That was the end of the line for Pearson. All told: five outs, four hits, five walks, three earned runs, 64 pitches, 28 strikes, one whiff. Not what you want to see.
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Ricky Romero, a guy who knows all about the difficulty of dealing with the mental aspect of the game on the mound, made an interesting point about Pearson during his start, stating that the big righty was in his own head and working too hard…
So, what now? Is Pearson ready for the big leagues?
It’s a difficult situation. His command issues a conundrum because it isn’t something he ever really dealt with in the minors. In 2019, between Dunedin, New Hampshire, and Buffalo, Pearson tossed 101 2/3 innings and walked 27 batters while striking out 119. It obviously isn’t a massive body of minor-league work, but this isn’t Aaron Sanchez or Kyle Drabek who had been walking guys all the way up the ladder.
In his one start in Buffalo this year, Pearson tossed three-and-two-thirds and allowed just one walk while striking out eight. While there’s some merit to the idea that he needs time in Triple-A to work on his mechanics, he isn’t going to learn much by facing hitters that he can completely overmatch. It seems like this is a challenge that Pearson and the Blue Jays are going to have to tackle at the big league level.
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I mean, hey, if Pete Walker can get Robbie Ray to throw strikes, surely he can do the same with Pearson, right?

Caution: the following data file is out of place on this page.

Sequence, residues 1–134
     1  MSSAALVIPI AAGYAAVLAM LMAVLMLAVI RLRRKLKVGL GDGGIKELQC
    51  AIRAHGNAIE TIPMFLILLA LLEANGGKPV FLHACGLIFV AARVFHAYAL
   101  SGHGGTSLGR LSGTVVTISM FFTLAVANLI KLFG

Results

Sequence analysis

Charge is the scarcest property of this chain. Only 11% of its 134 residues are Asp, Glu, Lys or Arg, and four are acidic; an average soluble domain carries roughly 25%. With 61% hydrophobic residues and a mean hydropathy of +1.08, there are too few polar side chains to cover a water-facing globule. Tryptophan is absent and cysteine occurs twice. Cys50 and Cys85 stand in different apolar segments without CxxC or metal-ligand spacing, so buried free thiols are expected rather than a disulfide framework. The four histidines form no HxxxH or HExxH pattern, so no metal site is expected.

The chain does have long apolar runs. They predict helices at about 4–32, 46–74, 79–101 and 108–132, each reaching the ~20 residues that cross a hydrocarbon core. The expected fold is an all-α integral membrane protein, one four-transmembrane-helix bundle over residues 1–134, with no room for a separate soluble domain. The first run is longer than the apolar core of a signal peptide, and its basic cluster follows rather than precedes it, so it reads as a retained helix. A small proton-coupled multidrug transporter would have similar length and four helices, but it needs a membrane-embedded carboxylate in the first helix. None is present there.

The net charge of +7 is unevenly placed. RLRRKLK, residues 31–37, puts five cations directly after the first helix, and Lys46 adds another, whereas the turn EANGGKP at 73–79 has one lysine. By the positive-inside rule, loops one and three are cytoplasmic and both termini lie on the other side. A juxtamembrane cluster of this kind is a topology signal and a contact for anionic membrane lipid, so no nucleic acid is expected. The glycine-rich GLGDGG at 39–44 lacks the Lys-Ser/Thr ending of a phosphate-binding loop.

Also, another thing to consider… The Blue Jays aren’t exactly flushed with options to start games right now. There are the main three guys, Hyun Jin Ryu, Steven Matz, and Robbie Ray, who have been largely excellent, but there exist two big question-marks in the remaining spots right now.
Ross Stripling has been pretty bad thus far as he owns a 6.61 ERA through four starts. He’s only been able to clear five innings once. Anthony Kay was the victim of poor defence in his debut against Kansas City but then got tagged in his next outing a few weeks later in Oakland. All told, Kay has a 10.24 ERA.
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Beyond that? There’s T.J. Zeuch in Triple-A who can log some innings in which he doesn’t strike anybody out and you hope for the best. Trent Thornton has been very good in a relief role this year but isn’t stretched out to start. On the Injured List is Tommy Milone, who has sort of lost his shine after a few effective outings, and Tom Hatch, who was excellent last season as a multi-inning reliever.
Perhaps one of Thornton or Hatch is the solution here, but, as I said, the Blue Jays aren’t overflowing with options right now. Letting Pearson just figure it out might just be the path to take. Unless, of course, the Blue Jays are ready to Free Manoah.